Milne's honoured for environmentalism

Former Greens leader Christine Milne has been recognised in the Queen's Birthday Honours

Former Australian Greens leader Christine Milne might have ended her time fighting for the better good in Canberra but is still on the frontline battling for environmental change.

Since retiring from politics in 2015, the former senator has remained in demand both in Australia and abroad.

She recently addressed Ireland's Green Party and spoke out in Paris about Cambodian human rights oppressions, all while continuing her long-time climate activism and fighting to protect Aboriginal rock art in Western Australia.

The 65-year-old has been appointed an Officer of the Order of Australia (AO) for her service to politics both federally and in her home state of Tasmania, and for her work more broadly helping to preserve the natural environment.

She is just one of a raft of women receiving Queen's Birthday Honours for their contributions to areas including politics, science, the environment and business.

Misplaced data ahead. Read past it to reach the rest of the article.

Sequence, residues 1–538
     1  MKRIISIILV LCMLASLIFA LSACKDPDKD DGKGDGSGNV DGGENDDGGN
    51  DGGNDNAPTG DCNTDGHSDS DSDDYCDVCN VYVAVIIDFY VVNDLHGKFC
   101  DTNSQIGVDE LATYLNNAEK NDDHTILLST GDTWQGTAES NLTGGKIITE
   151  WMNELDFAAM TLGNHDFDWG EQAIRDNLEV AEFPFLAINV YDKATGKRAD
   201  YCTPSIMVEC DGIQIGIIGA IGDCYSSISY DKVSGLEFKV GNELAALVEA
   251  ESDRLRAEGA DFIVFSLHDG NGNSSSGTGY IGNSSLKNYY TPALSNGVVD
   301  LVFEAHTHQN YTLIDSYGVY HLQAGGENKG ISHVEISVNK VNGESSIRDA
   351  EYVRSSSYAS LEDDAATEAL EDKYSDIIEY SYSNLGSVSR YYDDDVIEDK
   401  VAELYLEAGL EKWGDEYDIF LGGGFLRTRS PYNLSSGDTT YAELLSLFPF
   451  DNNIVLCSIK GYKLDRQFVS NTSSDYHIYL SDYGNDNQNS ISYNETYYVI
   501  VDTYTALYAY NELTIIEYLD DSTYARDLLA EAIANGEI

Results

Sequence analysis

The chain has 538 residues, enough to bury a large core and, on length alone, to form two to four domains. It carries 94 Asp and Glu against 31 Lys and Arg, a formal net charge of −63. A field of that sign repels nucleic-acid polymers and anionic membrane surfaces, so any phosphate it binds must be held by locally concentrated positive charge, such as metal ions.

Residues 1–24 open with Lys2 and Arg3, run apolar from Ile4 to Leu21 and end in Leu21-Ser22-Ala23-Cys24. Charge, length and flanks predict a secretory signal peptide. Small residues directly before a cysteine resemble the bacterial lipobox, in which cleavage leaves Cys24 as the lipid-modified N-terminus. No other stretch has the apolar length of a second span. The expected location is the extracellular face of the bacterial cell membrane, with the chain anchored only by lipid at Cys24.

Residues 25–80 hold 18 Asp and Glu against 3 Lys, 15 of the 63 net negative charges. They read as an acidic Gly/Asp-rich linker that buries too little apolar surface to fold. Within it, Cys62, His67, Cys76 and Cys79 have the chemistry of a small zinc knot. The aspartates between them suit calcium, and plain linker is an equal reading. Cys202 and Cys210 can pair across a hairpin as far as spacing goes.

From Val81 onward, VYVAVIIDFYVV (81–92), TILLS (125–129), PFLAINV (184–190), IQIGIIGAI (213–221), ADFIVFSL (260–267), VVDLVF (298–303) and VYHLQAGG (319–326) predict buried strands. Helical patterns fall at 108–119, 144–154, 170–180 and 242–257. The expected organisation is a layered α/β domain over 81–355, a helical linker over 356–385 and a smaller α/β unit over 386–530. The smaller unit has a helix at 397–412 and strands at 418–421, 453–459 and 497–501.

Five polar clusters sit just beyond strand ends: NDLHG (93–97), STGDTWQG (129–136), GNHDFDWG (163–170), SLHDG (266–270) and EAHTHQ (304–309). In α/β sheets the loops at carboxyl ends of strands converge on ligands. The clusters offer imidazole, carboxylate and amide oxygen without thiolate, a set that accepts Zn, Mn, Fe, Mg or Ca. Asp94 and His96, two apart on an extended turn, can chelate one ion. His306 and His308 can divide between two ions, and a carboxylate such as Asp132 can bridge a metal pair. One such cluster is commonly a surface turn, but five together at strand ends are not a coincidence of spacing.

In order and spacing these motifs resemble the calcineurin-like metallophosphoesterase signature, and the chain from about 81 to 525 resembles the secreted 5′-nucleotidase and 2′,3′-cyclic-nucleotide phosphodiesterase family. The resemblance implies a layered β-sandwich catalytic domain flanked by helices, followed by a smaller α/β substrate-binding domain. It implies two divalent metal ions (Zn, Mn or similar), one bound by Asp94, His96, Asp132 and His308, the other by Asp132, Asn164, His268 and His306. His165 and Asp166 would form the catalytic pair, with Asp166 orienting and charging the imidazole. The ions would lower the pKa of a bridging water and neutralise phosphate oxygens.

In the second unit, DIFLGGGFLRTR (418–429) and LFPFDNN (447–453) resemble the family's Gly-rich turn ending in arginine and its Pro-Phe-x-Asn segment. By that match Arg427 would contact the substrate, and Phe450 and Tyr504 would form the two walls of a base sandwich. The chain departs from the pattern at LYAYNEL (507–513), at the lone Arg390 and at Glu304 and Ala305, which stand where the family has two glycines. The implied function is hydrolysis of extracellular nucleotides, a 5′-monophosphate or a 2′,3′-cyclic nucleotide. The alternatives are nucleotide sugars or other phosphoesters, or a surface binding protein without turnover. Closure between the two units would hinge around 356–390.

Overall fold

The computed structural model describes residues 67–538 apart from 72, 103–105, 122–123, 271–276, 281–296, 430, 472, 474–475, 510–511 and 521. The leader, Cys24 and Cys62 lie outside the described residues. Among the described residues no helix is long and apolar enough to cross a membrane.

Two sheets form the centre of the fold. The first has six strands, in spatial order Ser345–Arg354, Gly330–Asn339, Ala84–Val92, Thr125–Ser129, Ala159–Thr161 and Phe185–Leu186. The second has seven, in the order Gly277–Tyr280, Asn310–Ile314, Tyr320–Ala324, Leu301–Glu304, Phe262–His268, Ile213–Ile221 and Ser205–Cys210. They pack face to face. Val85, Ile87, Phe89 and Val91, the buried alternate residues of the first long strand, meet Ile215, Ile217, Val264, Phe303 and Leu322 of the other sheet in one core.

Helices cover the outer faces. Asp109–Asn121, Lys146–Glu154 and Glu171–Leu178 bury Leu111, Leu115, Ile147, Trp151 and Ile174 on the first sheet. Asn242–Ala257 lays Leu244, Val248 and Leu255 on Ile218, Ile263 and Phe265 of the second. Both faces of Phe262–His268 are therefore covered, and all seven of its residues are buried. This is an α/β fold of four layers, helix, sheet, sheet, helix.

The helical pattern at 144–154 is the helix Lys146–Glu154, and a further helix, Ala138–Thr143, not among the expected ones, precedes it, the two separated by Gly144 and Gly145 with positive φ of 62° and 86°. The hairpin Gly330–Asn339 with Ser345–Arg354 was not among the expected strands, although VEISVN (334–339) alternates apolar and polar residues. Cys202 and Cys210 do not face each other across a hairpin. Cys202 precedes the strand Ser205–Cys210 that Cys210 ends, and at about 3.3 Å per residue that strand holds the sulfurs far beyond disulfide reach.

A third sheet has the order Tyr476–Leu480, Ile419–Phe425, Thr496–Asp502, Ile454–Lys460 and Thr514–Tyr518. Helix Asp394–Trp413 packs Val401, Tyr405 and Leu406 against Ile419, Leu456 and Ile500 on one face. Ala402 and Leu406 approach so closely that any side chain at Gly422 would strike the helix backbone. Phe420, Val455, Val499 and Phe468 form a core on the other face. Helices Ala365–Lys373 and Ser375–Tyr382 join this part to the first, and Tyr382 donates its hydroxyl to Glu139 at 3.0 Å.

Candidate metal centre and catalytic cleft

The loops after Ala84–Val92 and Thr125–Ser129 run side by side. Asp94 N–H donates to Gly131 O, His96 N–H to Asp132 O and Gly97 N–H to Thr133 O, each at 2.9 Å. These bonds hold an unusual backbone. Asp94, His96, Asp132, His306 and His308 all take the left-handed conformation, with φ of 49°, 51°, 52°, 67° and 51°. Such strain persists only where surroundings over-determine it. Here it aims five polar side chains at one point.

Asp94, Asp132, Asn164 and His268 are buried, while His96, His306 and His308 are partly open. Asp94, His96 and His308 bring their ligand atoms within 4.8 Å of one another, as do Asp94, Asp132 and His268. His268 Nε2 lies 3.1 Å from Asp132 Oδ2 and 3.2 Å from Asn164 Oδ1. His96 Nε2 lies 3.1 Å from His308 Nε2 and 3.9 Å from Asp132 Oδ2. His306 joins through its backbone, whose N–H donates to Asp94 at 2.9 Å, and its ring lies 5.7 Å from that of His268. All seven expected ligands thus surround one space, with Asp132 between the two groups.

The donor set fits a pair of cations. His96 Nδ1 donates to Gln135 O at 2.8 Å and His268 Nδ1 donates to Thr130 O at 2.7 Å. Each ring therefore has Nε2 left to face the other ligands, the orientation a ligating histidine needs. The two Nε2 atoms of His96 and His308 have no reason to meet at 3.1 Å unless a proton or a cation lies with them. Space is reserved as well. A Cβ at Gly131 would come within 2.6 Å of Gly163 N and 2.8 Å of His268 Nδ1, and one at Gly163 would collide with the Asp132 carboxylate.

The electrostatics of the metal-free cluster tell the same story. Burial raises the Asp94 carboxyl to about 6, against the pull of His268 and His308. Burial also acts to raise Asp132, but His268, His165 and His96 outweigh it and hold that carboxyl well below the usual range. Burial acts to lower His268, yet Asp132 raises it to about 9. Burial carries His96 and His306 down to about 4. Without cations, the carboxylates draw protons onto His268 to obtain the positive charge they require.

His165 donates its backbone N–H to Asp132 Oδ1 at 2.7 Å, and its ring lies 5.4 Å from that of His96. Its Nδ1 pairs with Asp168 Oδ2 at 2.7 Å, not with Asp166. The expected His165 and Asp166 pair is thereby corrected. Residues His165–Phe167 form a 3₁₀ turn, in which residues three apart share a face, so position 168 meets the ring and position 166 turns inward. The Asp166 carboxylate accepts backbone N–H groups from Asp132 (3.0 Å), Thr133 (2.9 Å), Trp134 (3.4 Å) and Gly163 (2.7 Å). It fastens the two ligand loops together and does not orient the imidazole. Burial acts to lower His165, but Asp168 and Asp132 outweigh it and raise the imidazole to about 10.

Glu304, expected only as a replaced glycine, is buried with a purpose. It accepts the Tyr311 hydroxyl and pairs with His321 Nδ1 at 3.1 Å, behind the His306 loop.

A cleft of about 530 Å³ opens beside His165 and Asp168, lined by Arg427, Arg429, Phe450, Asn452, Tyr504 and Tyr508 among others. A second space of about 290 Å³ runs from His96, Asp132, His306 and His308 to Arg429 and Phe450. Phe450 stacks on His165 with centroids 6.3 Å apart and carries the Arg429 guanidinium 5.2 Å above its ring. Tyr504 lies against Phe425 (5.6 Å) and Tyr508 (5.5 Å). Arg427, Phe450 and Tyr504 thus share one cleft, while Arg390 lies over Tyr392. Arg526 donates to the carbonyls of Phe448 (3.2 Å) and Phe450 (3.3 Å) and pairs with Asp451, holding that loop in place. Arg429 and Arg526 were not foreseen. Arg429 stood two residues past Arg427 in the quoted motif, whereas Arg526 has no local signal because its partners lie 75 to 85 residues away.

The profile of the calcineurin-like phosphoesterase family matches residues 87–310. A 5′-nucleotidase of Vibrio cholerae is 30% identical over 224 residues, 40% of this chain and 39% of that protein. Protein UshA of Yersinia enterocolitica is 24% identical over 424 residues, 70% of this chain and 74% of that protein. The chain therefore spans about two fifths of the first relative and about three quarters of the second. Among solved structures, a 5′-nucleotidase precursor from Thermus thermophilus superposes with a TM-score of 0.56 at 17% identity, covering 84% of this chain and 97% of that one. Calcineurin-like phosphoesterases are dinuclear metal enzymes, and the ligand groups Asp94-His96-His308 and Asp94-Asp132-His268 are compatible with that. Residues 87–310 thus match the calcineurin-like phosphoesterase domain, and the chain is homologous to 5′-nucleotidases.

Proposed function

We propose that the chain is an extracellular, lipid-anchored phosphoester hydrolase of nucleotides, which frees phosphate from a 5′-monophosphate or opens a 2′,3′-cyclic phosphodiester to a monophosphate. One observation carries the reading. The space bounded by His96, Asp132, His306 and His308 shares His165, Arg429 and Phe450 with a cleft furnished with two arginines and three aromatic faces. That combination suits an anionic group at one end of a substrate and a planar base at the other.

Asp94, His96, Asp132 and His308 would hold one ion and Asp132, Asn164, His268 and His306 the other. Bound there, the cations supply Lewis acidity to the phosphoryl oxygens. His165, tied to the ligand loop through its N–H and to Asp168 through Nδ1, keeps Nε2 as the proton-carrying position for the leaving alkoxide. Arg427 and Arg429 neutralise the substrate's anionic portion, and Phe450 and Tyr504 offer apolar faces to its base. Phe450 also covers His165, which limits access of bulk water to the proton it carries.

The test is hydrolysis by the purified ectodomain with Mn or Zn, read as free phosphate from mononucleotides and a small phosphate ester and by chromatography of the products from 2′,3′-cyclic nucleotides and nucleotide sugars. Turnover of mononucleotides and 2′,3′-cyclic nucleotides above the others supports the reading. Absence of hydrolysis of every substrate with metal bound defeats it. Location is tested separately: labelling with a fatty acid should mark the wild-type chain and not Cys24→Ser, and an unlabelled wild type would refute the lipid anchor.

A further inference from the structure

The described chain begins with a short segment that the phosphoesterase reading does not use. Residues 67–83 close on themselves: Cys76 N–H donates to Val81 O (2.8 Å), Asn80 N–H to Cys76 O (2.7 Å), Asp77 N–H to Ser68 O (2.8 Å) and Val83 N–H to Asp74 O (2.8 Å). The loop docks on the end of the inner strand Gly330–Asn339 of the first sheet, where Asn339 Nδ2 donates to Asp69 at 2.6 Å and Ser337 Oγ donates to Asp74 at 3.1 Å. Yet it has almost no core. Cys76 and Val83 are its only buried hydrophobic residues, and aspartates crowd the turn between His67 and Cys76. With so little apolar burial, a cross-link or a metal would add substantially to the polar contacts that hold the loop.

"It's humbling because you know just how many people work in the community for so many causes for so long," Ms Milne told AAP.

"Until recently, the awards have had, well I won't say a bias, but have been disproportionably awarded to men when it is women who are frequently doing huge amounts of community work."

University of NSW Dean of Science, Emma Johnston, is also being appointed as an AO for her services to higher education, particularly marine ecology and ecotoxicology.

Researching how humans and pollution change the ocean is depressing, the professor concedes, but she's determined to find solutions.

"The exciting thing about the marine environment is it's so different to what's on land ... to work in that environment, you feel like you're exploring the unknown but you're revealing a secret world to everybody."

Professor Johnston says she's passionate about making science accessible to everybody, particularly women.

"I speak to so many (female) early career scientists who just lack confidence because they have no role models in front of them."

Other eminent Australians to be recognised for their services to science are Geoffrey Burnstock and San Hoa Thang, each being appointed as a Companion in the General Division of the Order of Australia (AC).

Rose Amal will also be appointed an AC for services to chemical engineering, and the late David Albert Cooper AO for HIV/AIDS research.